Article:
New stats: Vaccination rate rises among foreign-born people in Sweden

Vaccination rates among foreign-born people in Sweden have risen in the past three weeks, after initial concern earlier this year. But there's still a gap between native and foreign-born Swedes.

New stats: Vaccination rate rises among foreign-born people in Sweden
Covid vaccines being administered in Malmö. Photo: Johan Nilsson/TT

For weeks, Swedish authorities have warned that people born outside Sweden have been getting the Covid-19 vaccination at a lower rate than native Swedes, whether that is due to a lack of information about availability or difficulty booking a time.

But in the last three weeks, the vaccination rate among people aged 60-64 who were born outside Sweden has risen from 59 to 67 percent, according to the Public Health Agency reports. Although this is a significant leap, the total vaccine coverage remains much lower than that for Swedish-born people in the same age group which, in the last three weeks, has risen from 83 to 88 percent.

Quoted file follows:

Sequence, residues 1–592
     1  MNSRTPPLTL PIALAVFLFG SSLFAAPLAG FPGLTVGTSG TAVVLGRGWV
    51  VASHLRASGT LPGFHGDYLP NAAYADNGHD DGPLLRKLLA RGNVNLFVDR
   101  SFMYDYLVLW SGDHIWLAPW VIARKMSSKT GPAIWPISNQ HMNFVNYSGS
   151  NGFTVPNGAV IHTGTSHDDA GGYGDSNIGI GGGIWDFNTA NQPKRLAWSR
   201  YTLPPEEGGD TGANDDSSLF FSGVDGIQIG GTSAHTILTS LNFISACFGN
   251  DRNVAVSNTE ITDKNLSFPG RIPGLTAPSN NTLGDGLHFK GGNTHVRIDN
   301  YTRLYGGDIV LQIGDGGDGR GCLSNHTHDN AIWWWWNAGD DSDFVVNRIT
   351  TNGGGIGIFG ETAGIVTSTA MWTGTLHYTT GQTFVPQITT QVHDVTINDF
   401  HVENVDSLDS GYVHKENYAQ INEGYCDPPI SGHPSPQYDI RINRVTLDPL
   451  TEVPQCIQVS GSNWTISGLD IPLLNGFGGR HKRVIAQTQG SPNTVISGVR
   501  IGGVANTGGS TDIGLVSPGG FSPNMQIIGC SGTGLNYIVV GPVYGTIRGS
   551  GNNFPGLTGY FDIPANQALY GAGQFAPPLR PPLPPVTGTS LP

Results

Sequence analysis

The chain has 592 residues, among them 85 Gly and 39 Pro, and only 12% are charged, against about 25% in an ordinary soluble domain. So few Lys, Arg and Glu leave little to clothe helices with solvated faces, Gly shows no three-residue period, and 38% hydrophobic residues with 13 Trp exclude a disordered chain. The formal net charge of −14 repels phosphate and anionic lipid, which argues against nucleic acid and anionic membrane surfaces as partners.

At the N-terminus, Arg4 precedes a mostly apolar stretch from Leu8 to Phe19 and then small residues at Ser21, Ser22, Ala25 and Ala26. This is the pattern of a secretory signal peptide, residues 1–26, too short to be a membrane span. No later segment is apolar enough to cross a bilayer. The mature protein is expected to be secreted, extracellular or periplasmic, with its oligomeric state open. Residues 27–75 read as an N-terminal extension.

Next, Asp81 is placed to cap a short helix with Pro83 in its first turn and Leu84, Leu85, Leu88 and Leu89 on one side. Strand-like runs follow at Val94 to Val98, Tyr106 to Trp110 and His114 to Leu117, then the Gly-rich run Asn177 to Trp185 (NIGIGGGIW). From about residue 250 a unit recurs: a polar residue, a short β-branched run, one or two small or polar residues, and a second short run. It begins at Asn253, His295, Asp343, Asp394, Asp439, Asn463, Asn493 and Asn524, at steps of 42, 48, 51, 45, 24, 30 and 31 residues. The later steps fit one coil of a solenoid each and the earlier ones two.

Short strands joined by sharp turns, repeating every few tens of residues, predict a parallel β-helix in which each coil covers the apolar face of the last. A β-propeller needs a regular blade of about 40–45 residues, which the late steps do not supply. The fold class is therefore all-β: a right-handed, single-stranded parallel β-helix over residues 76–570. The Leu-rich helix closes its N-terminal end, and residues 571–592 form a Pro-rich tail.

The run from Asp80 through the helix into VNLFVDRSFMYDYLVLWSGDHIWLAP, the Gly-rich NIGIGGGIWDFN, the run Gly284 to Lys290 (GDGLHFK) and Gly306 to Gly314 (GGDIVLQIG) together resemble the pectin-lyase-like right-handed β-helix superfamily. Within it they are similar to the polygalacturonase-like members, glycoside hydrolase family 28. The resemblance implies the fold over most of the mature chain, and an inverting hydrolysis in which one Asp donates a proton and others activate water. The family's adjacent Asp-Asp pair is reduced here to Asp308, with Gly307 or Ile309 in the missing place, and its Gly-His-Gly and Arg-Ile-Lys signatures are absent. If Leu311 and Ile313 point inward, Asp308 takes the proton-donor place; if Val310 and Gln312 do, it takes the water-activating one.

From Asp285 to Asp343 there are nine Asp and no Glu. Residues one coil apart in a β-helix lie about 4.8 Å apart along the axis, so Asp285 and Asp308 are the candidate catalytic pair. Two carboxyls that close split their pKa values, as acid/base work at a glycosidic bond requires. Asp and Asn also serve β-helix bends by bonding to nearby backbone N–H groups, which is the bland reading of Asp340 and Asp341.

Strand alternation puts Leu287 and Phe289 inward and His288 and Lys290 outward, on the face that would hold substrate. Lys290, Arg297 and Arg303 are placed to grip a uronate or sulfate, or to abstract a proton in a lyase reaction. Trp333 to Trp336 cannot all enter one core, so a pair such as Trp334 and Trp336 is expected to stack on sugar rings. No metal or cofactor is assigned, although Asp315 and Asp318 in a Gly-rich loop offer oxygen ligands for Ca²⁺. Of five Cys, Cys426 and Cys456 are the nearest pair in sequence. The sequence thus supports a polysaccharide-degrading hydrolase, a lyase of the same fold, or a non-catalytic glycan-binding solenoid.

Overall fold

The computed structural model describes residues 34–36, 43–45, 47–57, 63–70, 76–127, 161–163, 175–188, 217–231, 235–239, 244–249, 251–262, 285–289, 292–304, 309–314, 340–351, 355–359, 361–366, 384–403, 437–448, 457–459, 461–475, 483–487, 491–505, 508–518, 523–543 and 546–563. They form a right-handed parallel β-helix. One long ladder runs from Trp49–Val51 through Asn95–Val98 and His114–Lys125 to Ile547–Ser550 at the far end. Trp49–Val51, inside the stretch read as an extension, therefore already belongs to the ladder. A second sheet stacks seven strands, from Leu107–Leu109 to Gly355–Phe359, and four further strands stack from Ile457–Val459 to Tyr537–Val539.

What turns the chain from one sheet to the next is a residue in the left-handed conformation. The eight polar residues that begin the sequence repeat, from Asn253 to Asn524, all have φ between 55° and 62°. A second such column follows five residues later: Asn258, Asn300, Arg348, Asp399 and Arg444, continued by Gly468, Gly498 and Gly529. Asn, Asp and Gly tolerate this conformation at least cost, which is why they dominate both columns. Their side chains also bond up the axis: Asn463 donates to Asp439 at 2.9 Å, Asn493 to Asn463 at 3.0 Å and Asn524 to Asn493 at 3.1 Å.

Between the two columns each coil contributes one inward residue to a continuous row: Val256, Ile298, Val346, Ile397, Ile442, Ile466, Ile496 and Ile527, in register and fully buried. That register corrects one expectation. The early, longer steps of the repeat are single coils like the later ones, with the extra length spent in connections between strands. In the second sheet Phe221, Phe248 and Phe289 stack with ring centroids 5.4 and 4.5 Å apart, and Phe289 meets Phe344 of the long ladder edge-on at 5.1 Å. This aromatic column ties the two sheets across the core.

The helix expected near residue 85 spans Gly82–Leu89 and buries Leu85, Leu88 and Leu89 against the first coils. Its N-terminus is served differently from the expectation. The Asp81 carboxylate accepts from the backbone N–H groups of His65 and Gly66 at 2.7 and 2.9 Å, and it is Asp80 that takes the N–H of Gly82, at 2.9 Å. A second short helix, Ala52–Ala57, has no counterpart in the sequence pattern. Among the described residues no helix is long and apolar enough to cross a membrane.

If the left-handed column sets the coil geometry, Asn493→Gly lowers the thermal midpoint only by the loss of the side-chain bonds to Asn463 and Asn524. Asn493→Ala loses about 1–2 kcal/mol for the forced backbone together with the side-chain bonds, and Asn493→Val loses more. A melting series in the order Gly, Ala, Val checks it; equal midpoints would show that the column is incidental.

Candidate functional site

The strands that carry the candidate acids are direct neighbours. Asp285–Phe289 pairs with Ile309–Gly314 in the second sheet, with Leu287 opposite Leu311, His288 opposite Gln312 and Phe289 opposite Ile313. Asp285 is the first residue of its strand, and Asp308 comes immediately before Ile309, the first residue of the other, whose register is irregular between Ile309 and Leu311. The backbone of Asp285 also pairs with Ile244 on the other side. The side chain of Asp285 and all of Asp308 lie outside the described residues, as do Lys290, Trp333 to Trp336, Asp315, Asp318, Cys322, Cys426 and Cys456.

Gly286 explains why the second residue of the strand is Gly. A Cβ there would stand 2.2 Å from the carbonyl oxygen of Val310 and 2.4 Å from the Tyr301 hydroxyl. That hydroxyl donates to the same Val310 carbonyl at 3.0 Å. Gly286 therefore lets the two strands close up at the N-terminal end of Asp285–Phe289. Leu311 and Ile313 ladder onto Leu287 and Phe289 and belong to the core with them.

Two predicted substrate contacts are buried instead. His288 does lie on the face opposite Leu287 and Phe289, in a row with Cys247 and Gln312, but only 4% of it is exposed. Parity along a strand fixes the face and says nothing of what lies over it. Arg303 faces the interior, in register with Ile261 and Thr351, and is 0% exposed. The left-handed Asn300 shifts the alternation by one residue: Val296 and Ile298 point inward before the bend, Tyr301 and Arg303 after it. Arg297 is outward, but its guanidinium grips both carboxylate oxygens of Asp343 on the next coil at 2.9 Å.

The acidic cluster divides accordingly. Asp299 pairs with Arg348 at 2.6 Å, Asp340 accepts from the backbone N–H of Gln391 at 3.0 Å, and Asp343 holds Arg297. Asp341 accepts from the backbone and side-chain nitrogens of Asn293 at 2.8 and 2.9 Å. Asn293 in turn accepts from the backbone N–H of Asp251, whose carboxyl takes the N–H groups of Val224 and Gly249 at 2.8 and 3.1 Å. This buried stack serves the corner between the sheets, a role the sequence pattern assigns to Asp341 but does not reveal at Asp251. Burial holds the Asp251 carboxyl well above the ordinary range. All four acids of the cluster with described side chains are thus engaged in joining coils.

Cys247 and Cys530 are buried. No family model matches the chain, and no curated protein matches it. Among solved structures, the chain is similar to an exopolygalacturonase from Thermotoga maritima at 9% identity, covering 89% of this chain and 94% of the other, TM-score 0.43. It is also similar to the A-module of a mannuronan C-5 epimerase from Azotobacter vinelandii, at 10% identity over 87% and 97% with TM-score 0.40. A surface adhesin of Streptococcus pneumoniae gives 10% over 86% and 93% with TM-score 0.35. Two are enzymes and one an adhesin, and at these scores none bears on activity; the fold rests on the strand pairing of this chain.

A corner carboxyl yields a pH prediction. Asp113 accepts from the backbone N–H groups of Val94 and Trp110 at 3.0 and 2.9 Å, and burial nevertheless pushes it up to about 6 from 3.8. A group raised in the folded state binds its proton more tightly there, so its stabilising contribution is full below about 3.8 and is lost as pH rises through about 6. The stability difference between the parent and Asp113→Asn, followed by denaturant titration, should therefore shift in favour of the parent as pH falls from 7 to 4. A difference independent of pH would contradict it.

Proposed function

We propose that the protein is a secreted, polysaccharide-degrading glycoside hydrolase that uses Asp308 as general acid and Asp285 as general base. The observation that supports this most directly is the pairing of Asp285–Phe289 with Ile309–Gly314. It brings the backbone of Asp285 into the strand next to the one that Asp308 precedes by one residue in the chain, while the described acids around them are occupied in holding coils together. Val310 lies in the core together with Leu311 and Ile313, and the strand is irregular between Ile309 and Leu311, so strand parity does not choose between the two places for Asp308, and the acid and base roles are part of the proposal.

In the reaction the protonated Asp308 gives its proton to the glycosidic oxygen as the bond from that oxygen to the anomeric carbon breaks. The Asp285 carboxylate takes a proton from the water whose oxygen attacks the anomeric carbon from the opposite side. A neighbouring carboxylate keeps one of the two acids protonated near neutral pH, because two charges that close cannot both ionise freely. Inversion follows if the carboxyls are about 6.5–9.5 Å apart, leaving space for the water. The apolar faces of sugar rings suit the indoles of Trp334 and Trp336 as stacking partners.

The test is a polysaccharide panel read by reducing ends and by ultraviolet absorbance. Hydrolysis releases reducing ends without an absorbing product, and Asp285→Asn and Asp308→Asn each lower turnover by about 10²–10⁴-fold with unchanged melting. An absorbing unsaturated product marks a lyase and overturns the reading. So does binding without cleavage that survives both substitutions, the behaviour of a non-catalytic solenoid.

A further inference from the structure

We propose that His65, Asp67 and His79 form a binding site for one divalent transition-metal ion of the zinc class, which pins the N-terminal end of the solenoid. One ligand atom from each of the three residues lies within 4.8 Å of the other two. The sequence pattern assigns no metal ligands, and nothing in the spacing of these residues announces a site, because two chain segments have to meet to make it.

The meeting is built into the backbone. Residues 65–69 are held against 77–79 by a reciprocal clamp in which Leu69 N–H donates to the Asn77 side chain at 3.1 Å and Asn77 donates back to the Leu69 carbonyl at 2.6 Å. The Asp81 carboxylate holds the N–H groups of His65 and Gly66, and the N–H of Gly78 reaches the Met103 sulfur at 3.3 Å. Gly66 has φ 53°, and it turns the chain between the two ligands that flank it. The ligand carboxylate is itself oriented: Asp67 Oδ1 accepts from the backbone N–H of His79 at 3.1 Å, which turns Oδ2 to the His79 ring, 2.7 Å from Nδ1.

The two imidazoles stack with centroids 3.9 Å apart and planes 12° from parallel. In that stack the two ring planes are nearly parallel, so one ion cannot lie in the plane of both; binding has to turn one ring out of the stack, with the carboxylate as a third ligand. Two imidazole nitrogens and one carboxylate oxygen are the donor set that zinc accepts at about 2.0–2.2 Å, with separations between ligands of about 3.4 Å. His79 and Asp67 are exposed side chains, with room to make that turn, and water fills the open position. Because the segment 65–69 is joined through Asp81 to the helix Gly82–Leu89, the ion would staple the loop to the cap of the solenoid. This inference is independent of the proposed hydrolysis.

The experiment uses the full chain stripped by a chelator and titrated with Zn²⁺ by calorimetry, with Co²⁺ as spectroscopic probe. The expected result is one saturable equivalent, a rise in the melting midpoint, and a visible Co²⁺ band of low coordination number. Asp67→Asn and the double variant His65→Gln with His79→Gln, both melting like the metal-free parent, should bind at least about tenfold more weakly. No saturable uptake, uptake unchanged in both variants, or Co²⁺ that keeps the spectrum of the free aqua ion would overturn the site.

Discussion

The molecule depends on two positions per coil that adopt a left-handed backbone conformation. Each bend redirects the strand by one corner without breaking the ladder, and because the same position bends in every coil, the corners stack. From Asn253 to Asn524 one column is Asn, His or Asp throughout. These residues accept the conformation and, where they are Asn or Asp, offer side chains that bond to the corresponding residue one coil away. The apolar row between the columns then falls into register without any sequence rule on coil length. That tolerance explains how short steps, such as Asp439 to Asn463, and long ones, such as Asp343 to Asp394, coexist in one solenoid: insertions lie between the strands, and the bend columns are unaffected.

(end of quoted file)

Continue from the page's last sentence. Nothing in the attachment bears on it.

The lowest rate of vaccinations is among people born in Africa outside North Africa. In the last three weeks, the vaccine coverage has jumped from 49 to 61 percent, a significant increase. 

“It is positive that the disparities are reducing between Swedish-born and foreign-born people. But efforts are still needed at different levels of society to increase the vaccination rates across all groups. It is about increasing availability and giving information to the entire population,” said state epidemiologist Anders Tegnell in a statement.

The Public Health Agency also reports higher vaccination rates among higher income groups and groups with higher education for both Swedish and foreign-born residents, although the disparity among foreign-born groups is greater. For foreign-born people on low income the vaccination rate is 50 percent. For Swedish-born people with low income, it is 71 percent.

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